Obscura - A Valediction review
|Release date:||November 2021|
03. A Valediction
04. When Stars Collide [feat. Björn 'Speed' Strid]
05. In Unity
06. Devoured Usurper
07. The Beyond
08. Orbital Elements II
09. The Neuromancer
10. In Adversity
I feel like I’m mentioning every other week how much good melodeath there is this year; well, there’s another sub-genre with ‘death’ in the name that’s doing pretty well too.
The end of October saw the release of two significant tech-death records in the form of Bleed The Future by Archspire and First Fragment’s Gloire Éternelle, with Archspire continuing to push the limitations of hyperspeed technical brutality with the former and First Fragment stunning all with their virtuosity and ambition on the latter. Not a month later and Obscura, now something of a veteran act within tech-death after nearly 20 years, are here to unleash their sixth record upon the world.
A Valediction is a significant record for Obscura themselves, with it featuring the first appearances on an Obscura record for Christian Münzner and Jeroen Paul Thesseling since Omnivium in 2011 (this isn’t a complete Omnivium re-union; instead of Hannes Grossmann, A Valediction features David Diepold behind the kit for his debut album with the band). With these virtuoso musicians back into the fold, it won’t be a surprise to most people that A Valediction is another worthy addition to both the band’s discography and the technical metal scene as a whole.
I’ve always considered Obscura to be one of the more compelling bands associated with tech-death, but not necessarily for their technicality, which is predictably impressive on A Valediction. I’ve found Obscura to be particularly notable because, since 2011’s Omnivium (if not earlier), they’ve fallen somewhere between progressive death metal and technical death metal, applying instrumental and theoretical complexity whilst taking cues from less technically/extreme-minded prog and other metal styles. Compared with the ballistic intensity of an Archspire or the relentless complexity of a First Fragment, Obscura have always been a bit more on the accessible side, and that carries across to A Valediction, which arguably goes further than any of its predecessors in venturing away from tech-death, whilst still remaining recognizably connected to that scene.
One can’t listen to the drum onslaught, chaotic guitar leads and fret(less) board antics of Jeroen Paul Thesseling early on “In Adversity” without recognizing this as an Obscura song; however, as the track progresses, the song develops into something awfully close to a Gothenburg track with some of its riffs, grooves and hooky guitar leads. Never abandoning tech-death, the nevertheless song features multiple sections that would sound perfectly in place on a melodeath album, not to mention the unexpectedly djenty brief turn later in the track. It’s also hard not to hear the influence of some established Gothenburg-style bands at times on “When Stars Collide”, with the cleanly sung chorus actually featuring Björn “Speed” Strid of Soilwork.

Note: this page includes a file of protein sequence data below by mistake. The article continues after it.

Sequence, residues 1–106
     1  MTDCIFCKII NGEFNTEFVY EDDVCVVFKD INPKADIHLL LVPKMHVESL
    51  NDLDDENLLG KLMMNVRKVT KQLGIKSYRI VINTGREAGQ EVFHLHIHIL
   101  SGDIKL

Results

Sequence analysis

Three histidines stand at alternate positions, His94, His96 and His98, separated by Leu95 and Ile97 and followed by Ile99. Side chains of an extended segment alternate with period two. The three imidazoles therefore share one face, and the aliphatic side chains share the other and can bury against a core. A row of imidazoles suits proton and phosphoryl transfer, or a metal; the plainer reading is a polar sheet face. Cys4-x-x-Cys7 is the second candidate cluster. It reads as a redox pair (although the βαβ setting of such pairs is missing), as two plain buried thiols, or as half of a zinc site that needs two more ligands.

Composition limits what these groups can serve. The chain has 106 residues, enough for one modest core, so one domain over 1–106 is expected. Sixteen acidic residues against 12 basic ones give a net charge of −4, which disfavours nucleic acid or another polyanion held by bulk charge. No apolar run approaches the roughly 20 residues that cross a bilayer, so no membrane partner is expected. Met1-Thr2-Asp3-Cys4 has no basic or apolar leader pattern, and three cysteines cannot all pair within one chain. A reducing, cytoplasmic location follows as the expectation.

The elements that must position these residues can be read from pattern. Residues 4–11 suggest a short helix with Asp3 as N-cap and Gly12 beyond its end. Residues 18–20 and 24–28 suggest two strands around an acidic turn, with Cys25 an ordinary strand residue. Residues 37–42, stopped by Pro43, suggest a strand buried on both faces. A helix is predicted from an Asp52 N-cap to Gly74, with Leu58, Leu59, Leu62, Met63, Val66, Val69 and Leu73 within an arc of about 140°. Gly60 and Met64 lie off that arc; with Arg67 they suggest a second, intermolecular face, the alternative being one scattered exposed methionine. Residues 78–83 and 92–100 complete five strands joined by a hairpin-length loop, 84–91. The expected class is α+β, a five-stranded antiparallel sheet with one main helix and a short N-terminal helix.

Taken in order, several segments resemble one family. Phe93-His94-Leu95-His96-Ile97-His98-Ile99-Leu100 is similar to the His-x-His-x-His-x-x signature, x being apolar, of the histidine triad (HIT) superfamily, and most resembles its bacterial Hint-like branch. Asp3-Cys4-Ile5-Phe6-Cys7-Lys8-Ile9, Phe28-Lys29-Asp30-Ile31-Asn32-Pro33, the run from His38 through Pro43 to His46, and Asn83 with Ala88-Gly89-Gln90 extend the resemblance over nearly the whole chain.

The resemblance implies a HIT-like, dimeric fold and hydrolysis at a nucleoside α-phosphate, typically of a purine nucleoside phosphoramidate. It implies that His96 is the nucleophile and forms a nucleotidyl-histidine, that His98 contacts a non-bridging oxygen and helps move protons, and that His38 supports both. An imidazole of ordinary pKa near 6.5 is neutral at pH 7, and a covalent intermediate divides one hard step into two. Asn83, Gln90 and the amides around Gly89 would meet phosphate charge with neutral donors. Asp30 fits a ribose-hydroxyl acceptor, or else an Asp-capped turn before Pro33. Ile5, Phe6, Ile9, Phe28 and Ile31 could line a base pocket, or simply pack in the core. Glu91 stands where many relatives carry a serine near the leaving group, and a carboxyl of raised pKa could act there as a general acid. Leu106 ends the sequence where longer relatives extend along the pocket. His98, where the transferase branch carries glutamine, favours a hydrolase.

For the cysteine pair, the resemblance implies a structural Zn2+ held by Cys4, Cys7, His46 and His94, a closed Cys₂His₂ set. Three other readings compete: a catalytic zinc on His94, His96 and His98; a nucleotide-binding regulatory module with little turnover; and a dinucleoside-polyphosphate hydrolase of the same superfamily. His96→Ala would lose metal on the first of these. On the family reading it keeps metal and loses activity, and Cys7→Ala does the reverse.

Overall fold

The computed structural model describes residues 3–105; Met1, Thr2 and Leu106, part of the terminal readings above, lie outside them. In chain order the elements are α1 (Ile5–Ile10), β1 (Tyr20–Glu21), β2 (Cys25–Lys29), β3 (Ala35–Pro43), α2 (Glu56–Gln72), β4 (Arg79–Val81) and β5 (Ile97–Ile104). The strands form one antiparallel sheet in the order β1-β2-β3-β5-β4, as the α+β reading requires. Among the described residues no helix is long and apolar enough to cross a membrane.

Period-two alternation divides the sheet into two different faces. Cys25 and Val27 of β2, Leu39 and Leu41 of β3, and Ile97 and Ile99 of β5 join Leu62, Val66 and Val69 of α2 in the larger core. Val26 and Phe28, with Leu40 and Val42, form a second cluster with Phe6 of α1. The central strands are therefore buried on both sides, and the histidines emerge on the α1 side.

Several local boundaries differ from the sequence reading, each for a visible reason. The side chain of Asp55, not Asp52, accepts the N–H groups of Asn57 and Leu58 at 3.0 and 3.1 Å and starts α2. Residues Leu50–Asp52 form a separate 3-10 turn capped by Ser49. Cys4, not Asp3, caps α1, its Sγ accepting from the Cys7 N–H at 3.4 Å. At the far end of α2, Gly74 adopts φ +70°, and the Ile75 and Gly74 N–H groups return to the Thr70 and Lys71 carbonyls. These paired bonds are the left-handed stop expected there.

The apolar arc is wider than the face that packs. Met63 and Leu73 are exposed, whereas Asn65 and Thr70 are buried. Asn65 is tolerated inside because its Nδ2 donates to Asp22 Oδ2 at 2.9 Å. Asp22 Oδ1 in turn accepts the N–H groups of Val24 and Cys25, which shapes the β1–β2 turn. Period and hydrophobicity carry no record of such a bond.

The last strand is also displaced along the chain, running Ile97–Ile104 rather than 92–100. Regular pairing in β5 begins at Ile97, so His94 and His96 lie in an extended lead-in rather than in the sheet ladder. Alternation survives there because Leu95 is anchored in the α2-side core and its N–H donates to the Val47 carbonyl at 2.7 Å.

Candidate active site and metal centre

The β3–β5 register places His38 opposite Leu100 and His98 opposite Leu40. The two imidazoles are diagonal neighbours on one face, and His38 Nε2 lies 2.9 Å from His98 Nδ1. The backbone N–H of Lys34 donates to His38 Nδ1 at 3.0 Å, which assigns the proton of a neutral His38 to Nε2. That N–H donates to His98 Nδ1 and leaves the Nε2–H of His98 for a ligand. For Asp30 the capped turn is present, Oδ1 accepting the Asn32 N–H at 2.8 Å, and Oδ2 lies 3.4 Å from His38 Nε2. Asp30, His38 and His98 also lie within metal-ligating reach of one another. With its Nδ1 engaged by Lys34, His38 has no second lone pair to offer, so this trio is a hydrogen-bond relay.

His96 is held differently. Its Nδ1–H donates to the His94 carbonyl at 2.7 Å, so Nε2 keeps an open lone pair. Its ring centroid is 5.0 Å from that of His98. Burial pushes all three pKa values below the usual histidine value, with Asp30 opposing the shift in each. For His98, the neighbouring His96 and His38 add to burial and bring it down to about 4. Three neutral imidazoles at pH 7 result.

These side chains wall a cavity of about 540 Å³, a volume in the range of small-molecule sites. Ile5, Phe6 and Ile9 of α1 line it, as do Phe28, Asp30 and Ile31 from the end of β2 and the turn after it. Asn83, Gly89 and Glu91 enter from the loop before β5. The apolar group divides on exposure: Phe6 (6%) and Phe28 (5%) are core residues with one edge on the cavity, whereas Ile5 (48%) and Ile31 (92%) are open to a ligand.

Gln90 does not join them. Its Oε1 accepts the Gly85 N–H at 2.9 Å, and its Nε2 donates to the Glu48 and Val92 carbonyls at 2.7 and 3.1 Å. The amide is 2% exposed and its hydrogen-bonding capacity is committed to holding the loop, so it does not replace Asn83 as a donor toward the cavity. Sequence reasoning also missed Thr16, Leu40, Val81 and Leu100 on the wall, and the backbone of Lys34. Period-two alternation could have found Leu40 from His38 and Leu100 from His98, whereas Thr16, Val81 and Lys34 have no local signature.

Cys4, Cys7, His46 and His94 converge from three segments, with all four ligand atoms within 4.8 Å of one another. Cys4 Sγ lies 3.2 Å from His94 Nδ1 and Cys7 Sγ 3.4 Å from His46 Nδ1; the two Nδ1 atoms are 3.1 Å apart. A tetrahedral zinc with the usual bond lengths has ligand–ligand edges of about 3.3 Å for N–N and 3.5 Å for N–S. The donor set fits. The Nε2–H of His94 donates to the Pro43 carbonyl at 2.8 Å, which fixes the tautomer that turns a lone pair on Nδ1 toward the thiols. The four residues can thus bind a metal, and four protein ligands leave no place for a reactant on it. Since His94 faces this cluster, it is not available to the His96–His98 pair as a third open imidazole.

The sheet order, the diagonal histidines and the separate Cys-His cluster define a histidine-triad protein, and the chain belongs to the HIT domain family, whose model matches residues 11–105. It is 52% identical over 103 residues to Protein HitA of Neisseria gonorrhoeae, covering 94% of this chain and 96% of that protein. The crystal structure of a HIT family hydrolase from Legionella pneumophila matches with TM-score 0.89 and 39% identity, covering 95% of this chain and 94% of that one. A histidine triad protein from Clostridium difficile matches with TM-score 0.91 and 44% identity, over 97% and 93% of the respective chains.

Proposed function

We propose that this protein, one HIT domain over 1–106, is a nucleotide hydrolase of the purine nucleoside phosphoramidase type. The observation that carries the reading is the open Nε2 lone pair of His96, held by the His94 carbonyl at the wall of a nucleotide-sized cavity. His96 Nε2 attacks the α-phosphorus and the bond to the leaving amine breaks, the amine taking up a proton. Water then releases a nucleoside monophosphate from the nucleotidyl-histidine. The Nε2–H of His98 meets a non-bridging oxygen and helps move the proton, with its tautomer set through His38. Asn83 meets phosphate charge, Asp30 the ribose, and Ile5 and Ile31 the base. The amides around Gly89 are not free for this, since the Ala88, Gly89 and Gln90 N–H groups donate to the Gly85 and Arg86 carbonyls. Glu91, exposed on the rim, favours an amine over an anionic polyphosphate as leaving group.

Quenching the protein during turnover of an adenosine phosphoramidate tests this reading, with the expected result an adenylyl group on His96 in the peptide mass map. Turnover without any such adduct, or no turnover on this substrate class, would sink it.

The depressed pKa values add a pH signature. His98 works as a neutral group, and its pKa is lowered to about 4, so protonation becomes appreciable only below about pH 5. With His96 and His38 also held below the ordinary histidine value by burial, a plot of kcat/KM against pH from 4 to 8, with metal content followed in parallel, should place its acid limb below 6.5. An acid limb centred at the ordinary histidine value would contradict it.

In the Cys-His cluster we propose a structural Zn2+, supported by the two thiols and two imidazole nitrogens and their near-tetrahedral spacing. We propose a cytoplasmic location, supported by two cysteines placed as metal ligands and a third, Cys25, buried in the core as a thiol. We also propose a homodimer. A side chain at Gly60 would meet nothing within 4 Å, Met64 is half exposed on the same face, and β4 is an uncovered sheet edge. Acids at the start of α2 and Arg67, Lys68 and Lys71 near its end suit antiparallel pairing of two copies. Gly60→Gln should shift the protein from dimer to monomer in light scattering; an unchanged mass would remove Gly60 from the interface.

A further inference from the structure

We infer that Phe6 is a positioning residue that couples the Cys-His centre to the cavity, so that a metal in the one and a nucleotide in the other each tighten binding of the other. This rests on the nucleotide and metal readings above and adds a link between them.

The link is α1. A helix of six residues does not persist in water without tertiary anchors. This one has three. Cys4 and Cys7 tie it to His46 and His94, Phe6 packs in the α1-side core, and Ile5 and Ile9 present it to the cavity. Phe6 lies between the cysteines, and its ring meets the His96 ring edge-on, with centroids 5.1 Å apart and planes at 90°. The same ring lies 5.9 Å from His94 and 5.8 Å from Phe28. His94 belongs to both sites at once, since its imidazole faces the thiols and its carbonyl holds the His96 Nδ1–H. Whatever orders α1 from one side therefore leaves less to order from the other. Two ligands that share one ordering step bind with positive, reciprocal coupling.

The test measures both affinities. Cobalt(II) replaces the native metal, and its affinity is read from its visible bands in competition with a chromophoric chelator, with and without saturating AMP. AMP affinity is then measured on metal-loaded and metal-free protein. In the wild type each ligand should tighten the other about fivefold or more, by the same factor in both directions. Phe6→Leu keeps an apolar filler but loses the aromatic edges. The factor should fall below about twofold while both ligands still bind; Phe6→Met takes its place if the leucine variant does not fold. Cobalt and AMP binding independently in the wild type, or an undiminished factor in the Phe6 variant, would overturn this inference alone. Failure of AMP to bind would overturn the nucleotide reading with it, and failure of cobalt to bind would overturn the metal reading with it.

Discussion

At the same time, this is an Obscura album; opening song “Forsaken” recaptures that ‘prog-meet-tech-death’ charm of “Septuagint” from Omnivium (the two tracks are even almost identical in length), with the bouts of complex aggression countered with hookier, more approachable riffs and detours into softer territory. There’s also some of that Cynic-inspired weirdness that’s permeated previous records to be heard on this song and “Heritage”, amongst others, right down to the vocoder vocals. At the other end of the spectrum, the likes of “Solaris” and “In Unity” deliver frenetic, contorted complexity that should amply satisfy genre enthusiasts, whilst the rapid guitar soloing on the title track remains incredibly impressive, even having now spent over a decade listening to metal musicians attempt to write the fastest and wildest solos possible.
Before getting the promo copy for this album, I’d seen the record mentioned as potentially being the band’s most melodic yet; I’d have to give Diluvium or Akróasis a more thorough revisit to say for sure, but I’m inclined to agree. However, I don’t think longstanding Obscura fans should be concerned about this negating the impact of their tech-death; the skills are all still on display and there’s plenty of nasty material to delve into on A Valediction. I’m personally a fan of the approach they’ve taken here; by bringing in the occasional elements from outside of prog/tech-death, Obscura have increased the memorability of the songs here without sacrificing what makes them such a key group within the scene.
||Written on 17.11.2021 by Hey chief let's talk why not|
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